Tuesday, March 27, 2007

Perhaps the beginning of the end for YouTube

The Economist asks this week: Down the YouTube?

IT HAS been a terrible month for Google, the biggest search engine and the internet’s reigning superpower, and for its subsidiary, YouTube, the pioneer and precocious leader of online video. Users may love them, but the old-media companies, feeling increasingly exploited, loathe them, sue them, and gang up on them. And that matters, because neither Google nor YouTube, as quintessential “new-media” companies, own any of the content that they organise so well.

With the announcement on Thursday March 22nd of a new online-video venture between NBC Universal, the huge media unit of General Electric, and Rupert Murdoch’s News Corporation, almost every big media company is now, with varying degrees of hostility, aligned against Google and YouTube.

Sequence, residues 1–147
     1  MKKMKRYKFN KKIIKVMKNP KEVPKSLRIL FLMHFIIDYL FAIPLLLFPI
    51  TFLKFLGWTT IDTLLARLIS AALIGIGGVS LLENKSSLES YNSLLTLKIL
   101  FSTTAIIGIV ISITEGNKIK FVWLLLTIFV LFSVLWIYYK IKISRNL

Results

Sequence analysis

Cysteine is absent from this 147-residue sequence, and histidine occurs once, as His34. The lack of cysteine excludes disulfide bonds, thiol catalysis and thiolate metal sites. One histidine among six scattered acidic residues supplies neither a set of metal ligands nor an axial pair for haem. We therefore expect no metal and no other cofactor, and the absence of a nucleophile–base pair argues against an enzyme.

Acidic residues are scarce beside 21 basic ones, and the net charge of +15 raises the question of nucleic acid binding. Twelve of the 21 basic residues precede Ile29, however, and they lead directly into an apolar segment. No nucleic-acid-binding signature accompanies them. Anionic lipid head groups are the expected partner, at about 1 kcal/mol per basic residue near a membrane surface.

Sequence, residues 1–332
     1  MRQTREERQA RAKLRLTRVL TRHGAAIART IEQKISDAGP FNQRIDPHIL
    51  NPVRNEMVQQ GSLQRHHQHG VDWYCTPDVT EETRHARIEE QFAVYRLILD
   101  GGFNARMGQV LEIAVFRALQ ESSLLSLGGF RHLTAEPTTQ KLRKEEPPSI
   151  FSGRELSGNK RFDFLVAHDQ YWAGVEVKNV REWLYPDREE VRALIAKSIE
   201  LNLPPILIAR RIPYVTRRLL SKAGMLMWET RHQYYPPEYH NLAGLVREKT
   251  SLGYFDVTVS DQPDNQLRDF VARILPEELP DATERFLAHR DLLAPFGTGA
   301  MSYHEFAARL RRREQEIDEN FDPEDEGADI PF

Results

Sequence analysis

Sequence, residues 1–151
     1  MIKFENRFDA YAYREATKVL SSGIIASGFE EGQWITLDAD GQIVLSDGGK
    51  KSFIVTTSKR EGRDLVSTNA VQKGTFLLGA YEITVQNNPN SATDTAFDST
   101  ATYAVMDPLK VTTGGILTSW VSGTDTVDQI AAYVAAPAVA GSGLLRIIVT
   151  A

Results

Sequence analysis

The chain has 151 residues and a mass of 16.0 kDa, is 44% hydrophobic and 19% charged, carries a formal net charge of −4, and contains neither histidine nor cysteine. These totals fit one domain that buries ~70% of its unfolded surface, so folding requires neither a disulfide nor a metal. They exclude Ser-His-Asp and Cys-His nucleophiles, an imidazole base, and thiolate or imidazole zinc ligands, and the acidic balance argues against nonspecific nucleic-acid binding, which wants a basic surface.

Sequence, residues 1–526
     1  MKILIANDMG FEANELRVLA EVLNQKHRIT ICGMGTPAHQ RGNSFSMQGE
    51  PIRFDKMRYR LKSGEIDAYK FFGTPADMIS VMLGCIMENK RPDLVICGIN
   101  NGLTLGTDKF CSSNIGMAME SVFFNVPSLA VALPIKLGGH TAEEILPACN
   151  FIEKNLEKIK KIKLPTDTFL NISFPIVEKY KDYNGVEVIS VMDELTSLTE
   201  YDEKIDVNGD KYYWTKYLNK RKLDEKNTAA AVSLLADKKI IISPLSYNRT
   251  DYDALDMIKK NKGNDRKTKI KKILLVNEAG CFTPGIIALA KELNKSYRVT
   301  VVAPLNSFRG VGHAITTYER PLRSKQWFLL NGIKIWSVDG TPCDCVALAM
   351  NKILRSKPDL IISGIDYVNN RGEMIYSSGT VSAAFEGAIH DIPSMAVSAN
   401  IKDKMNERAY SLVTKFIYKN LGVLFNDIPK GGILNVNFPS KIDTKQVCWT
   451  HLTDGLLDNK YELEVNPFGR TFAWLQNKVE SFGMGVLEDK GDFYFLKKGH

Viacom is suing them for $1 billion, alleging massive copyright theft; it is also teaming up with an innovative new online-television company, Joost, to make its videos available legally. Walt Disney is allied with Apple and its iTunes store, which is increasingly a squeaky-clean (in terms of copyright law) video retailer besides being a music store.

YouTube has no reason to believe it can remain on top amidst such an assault. Then again, YouTube has every reason to believe it can out-maneuver these upstarts. One word: Google. The innovative and super-technically proficient Google behemoth did not stumble into the Internet juggernaut it has become.

Yet, it will be far more interesting to watch how video and other visual media are disseminated in the years to come. Google/YouTube has already shown worrisome signs of self-censorship, whether it involves acquiescence to China, or cutting down on free speech (as I've written about here), or even turning a blind eye on radical Islamic hate speech (out of political correctness), as I've noted here.

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